[…]
Individual defendants have made their initial court appearances and the arraignment of all defendants will be scheduled before U.S. Magistrate Judge Benjamin W. Cheesbro of the U.S. District Court for the Southern District of Georgia. If convicted, the individual defendants face maximum potential statutory penalties of five years in prison on the count of conspiracy to defraud and commit offenses against the United States; 10 years in prison on the counts of encouraging and inducing an alien to reside in the United States, alien harboring, and transportation of aliens; and 20 years in prison on the counts of wire fraud conspiracy and substantive wire fraud. The organizational defendants are subject to a maximum fine on each count of conviction of $500,000 or twice the gross amount of gain or loss resulting from the offense. A federal district court judge will determine any sentence after considering the U.S. Sentencing Guidelines and other statutory factors.

The U.S. Department of State Office of Inspector General is investigating the case with assistance provided by HSI and U.S. Citizenship and Immigration Services.

Trial Attorneys Frank Rangoussis and John-Alex Romano of the Criminal Division’s Human Rights and Special Prosecutions Section and Assistant U.S. Attorney Alejandro V. Pascual IV of the Southern District of Georgia are prosecuting the case.

An indictment is merely an allegation and all defendants are presumed innocent until proven guilty beyond a reasonable doubt in a court of law.

Read the full announcement here.

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U.S. Ambassador to Libya Richard Norland to Also Serve as U.S. Special Envoy for Libya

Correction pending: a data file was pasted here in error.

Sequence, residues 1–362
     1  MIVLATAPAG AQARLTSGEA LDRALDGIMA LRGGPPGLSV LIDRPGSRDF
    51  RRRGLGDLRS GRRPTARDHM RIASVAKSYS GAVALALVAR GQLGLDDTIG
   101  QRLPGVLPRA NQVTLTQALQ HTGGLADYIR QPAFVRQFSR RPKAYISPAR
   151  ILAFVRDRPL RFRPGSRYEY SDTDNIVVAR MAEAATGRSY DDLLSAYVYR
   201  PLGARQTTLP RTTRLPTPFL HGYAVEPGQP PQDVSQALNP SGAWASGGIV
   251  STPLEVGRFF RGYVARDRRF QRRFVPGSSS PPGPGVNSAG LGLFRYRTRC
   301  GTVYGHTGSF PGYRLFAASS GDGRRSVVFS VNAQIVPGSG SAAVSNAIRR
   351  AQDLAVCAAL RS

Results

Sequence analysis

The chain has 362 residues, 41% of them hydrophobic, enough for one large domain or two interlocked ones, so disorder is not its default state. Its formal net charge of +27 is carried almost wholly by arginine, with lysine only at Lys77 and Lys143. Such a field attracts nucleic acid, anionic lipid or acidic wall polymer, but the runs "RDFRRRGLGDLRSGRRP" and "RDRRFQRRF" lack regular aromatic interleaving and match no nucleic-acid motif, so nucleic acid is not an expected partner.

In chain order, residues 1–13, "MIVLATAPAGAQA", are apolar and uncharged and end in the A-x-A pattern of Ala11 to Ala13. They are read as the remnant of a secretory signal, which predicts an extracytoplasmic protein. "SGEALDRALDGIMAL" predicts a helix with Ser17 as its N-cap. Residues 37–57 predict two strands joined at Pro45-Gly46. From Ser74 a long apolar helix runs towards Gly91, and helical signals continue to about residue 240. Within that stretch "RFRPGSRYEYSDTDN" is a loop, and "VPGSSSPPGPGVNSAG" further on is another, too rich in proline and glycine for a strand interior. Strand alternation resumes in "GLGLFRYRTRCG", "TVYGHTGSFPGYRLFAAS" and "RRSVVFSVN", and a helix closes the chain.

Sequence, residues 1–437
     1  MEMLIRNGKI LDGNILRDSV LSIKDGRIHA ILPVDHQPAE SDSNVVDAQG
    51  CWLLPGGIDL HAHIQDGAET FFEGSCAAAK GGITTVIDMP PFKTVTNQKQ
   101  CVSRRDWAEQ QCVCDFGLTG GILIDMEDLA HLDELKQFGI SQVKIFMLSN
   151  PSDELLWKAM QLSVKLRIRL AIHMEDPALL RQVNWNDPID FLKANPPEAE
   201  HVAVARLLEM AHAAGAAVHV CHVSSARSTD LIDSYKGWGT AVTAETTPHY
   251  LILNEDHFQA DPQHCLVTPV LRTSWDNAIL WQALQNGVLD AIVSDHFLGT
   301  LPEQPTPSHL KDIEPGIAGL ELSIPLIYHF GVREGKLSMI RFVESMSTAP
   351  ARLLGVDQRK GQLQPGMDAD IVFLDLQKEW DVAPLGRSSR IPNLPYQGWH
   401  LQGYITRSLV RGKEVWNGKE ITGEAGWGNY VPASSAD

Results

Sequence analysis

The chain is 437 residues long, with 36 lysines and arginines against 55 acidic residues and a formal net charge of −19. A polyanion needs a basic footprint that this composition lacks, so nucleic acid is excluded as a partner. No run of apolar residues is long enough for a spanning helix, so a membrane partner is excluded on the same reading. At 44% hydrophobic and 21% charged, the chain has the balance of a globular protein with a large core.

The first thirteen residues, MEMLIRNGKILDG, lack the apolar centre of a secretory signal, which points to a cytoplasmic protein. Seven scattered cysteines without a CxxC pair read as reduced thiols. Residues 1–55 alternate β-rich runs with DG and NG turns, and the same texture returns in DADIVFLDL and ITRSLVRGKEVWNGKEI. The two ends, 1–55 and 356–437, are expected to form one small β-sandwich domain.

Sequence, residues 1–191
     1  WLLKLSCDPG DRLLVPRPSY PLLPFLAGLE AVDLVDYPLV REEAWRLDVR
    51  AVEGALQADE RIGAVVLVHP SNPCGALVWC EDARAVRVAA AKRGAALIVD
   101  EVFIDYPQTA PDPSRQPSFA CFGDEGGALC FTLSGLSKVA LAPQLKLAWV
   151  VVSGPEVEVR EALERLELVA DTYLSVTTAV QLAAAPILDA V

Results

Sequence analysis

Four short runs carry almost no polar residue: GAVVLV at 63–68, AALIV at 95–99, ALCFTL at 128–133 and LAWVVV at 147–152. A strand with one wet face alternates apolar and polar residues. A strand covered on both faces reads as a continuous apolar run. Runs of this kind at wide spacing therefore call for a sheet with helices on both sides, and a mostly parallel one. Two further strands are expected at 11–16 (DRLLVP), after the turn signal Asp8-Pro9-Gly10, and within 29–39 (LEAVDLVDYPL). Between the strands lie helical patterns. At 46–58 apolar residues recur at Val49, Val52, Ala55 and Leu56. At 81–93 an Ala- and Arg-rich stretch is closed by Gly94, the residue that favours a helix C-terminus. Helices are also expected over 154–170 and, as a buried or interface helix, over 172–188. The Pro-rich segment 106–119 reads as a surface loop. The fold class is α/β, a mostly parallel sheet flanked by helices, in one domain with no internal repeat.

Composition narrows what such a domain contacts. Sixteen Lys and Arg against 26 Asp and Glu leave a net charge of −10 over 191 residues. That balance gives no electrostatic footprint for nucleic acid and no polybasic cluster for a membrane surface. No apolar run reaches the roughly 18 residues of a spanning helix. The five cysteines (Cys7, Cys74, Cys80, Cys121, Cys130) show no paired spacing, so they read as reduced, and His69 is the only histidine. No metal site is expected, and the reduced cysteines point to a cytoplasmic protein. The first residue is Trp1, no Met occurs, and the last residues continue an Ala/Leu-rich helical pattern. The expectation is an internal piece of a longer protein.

The fundraising campaign is closer to its goal today than yesterday, but it’s not quite there yet. We are grateful to the more than 450 donors who have supported our annual fundraising to-date. We will not run an indefinite campaign, just a few weeks out of the year.  Help us meet our goal so we can get back to our regular blogging programming. If you are able to help, you may pitch in at GFM: https://gofund.me/32671a27. Thanks – DS

 

On May 10, 2021, the State Department announced the appointment of US Ambassador to Libya Richard Norland as U.S. Special Envoy for Libya. Prior to his appointment to Libya, Ambassador Norland also served as U.S. Ambassador to Uzbekistan and later to Georgia. Below is the State Department announcement:

The Department of State is pleased to announce that U.S. Ambassador to Libya Richard Norland will now also serve in the capacity of U.S. Special Envoy for Libya in addition to Chief of Mission for Libya. In his role as U.S. Special Envoy, Ambassador Norland will lead U.S. diplomatic efforts to promote international support for a Libyan-led, inclusive, and negotiated political solution to the conflict, facilitated through the UN.

Ambassador Norland, a Career Minister in the Foreign Service and a three-time ambassador, has served as Chief of Mission at the Libya External Office in Tunis since August 2019. The addition of the U.S. Special Envoy role to Ambassador Norland’s Chief of Mission responsibilities signifies the importance the United States attaches to focused, high-level diplomatic outreach in support of the Libyan political process culminating in elections on December 24, 2021. He will work closely with key partners to strengthen efforts to keep the political process on track and ensure the removal of foreign forces from Libya.

Ambassador Norland also will work closely with interagency colleagues in Washington, civil society, and humanitarian partners to further the U.S. role in actively supporting the Libyan people as they seek lasting peace, security, and prosperity in their country. The U.S. Special Envoy will also keep Congress closely informed of our efforts.

At the May 10th DPB, a reporter inquired about Ambassador Norland’s new title: